Should education on child abuse be made compulsory?
Time and time again we hear the saying, prevention is better than cure. Yet, despite the increasing number of childhood abuse survivors coming forth, there has not been any real amendment to the education syllabus.
England’s education secretary, Nicky Morgan, previously announced that all children from the age of 11 would be taught about sexual consent. Whilst this is not mandatory, it is said that students will be taught about rape as well as sexual consent in their personal, social and health education PSHE lessons. This also raises concerns on whether ‘consent lessons’ will actually do the underlying job of protecting children.
My only reservation is that education on child abuse should be compulsory and introduced at a younger age. This will ensure that the most vulnerable age group is educated. The syllabus should clearly teach children about what grooming is and how it works and what amounts to abuse as opposed to merely touching upon sexual consent. It is equally as important for parents to participate in the education process of their child and to also be aware of the potential signs of abuse.
More recently, Nicky Morgan rejected MP’s calls to make sex and relationship education compulsory on all schools. Currently, under the national curriculum, sex and relationship education is compulsory from age 11. However parents are allowed to withdraw their children from parts of the lessons.
Position of Trust
Far often than not, abusers use their position of trust, authority and control to subject their victims to sexual abuse. At Bolt Burdon Kemp we represent survivors who have been abused by family members, teachers, Scout leaders and priests. It can be the fact that children trust these adults that leave them confused and unable to disclose the abuse.
We have had survivors questioning themselves and not being able to understand why they failed to disclose the abuse or have ‘allowed’ it to continue. Unfortunately, the fact that the abuser is likely to be a person whom the child trusts is part of the grooming process and distorts the child’s ability to understand that they are actually being abused. This is so, especially when they are told “it’s our little secret”. Other survivors feel that if they had reported the abuse, they would not have been believed.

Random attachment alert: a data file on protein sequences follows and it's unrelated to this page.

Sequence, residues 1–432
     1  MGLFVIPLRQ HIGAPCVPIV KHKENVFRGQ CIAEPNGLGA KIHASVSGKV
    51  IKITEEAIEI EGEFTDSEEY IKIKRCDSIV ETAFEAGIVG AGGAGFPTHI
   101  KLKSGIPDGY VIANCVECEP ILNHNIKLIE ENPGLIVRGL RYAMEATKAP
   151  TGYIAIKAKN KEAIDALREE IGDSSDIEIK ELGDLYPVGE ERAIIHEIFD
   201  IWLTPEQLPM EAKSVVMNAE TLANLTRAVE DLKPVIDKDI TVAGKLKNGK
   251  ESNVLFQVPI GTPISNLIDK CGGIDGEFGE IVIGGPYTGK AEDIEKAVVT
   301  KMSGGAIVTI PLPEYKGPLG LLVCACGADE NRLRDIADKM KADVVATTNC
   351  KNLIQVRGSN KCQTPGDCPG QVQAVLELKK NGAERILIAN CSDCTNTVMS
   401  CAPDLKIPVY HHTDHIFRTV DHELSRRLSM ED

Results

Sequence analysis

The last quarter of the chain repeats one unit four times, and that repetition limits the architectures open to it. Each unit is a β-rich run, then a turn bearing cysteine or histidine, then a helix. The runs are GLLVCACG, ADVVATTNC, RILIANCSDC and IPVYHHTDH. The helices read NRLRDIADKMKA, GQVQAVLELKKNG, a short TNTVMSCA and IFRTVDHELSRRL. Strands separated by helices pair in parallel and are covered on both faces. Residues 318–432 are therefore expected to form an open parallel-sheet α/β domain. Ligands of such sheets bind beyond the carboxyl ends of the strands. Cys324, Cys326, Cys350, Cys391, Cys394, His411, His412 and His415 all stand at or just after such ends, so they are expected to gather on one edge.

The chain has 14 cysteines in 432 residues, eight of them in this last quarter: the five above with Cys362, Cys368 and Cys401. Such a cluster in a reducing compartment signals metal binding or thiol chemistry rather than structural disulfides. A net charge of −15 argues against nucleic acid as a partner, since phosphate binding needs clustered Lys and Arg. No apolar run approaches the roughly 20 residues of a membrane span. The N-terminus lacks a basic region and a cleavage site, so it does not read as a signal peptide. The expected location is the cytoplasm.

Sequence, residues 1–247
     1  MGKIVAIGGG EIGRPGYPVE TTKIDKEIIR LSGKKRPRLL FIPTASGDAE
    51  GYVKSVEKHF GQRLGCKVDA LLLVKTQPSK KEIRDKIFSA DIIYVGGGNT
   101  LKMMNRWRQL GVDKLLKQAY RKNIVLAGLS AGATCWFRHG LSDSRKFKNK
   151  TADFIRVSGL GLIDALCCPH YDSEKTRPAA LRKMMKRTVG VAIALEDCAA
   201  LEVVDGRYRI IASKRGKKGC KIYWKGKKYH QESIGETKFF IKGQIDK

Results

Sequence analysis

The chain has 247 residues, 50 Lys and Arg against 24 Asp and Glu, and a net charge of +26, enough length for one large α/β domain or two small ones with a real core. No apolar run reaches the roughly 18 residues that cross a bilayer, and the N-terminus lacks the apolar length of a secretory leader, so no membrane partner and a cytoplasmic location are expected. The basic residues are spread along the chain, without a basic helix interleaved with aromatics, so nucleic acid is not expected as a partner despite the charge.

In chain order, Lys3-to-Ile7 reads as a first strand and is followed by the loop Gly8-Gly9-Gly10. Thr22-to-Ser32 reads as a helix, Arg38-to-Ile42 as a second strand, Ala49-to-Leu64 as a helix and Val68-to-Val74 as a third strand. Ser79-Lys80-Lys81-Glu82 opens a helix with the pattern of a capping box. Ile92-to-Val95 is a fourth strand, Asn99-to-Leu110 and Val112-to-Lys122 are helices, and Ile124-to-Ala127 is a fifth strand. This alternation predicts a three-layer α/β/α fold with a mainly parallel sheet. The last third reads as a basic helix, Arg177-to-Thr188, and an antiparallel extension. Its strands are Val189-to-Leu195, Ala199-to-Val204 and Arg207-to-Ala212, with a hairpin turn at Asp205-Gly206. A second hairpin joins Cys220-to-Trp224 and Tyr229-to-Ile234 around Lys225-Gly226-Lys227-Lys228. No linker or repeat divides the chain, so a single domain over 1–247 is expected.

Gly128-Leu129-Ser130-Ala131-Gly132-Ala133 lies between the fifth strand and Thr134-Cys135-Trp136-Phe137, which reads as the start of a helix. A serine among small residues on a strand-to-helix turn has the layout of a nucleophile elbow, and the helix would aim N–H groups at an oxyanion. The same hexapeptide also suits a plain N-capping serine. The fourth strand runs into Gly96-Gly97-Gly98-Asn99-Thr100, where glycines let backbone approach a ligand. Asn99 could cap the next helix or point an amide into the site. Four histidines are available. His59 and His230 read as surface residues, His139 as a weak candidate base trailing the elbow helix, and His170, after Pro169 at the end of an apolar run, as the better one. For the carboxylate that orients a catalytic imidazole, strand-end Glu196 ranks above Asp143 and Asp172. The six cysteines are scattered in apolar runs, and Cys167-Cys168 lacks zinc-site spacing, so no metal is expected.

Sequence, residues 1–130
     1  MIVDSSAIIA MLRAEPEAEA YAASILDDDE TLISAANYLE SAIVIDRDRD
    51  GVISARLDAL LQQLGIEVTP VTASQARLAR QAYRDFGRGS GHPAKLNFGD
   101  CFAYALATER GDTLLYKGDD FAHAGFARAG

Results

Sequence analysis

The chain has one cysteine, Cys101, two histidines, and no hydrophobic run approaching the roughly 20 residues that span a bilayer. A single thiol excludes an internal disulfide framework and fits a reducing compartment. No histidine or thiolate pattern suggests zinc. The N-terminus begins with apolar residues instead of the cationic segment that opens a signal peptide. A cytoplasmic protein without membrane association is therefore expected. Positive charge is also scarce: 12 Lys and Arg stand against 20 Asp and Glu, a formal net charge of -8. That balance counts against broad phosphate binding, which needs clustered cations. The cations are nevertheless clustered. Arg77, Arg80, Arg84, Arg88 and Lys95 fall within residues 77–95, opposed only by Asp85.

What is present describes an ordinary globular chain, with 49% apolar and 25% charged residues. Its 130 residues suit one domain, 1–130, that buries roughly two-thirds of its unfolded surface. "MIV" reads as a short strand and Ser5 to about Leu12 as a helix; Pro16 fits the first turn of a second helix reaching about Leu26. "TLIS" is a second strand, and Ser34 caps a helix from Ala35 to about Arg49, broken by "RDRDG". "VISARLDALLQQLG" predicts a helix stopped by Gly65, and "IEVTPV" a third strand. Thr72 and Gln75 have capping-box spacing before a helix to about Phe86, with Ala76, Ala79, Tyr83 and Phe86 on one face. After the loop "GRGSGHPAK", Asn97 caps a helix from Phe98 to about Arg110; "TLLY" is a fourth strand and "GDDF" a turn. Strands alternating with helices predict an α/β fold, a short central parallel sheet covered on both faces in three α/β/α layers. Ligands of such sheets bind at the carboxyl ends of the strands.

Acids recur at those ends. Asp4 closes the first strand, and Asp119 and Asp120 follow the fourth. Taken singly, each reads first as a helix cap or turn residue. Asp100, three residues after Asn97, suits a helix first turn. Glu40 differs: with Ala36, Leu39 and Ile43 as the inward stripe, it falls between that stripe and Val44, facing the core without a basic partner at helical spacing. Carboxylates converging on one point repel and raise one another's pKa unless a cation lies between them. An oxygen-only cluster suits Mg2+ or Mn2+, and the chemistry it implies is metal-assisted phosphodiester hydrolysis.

Naturally, if a young child is fully informed of what amounts to abuse and who they can talk to, the likelihood that they will be more vigilant and report the abuse is greater. One would also hope that mandatory education would deter abusers.
‘The Underwear Rule – talk PANTS’
The NSPCC has formulated an easy way for parents to teach their children about abuse, known as the ‘underwear rule’. These conversations will keep children safe from abuse without parents having to actually having to mention sexual abuse. The aim is to have everyone talking ‘PANTS’ which is broken down as follows:
- Privates are private
- Always remember your body belongs to you
- No means no
- Talk about secrets that upset you
- Speak up, someone can help
The repercussions of child abuse vary depending on each survivor. However, it is not uncommon that survivors will often underachieve academically, lack employment opportunities, misuse alcohol and drugs, fail to maintain stable relationships and suffer from psychological issues.
I can understand that some parents/ individuals are reluctant to teach young children about sexual relationships and consent for fear that they will be subjected to the adult world. However, if the curriculum sets out guidance on how to address this issue age appropriately, a rule such as the pants rule could go a long way. The rule teaches children about safety without divulging into or discussing sexual abuse or relationships in any graphic detail.
Whilst the NSPCC is ensuring it does its part in educating the youth on child abuse, it is not enough to assume that this will suffice. We must collectively strive to ensure the future youth have the best upbringing.
It is inevitable that the discussion of mandatory education on child abuse to young children would spark an array of opinions. Rachel’s story can be found on the NSPCC website, which in my opinion concludes firstly why education on child abuse at a young age is a must and secondly that it really does make a difference.
In summary, the case involves a three year old girl who had been sexually abused by a family friend. The abuse only became apparent when her mother decided to tell her about the ‘Pants Rule’. Once the little girl disclosed the abuse, her parents reported it to the police. She was medically examined which indicated the damage was consistent with what she had said had happened. The family friend was subsequently convicted and sentenced to eight years in prison. The little girl’s response was “See, I told everyone I wasn’t lying.”
We must not underestimate our children and their ability. Prevention really is better than cure.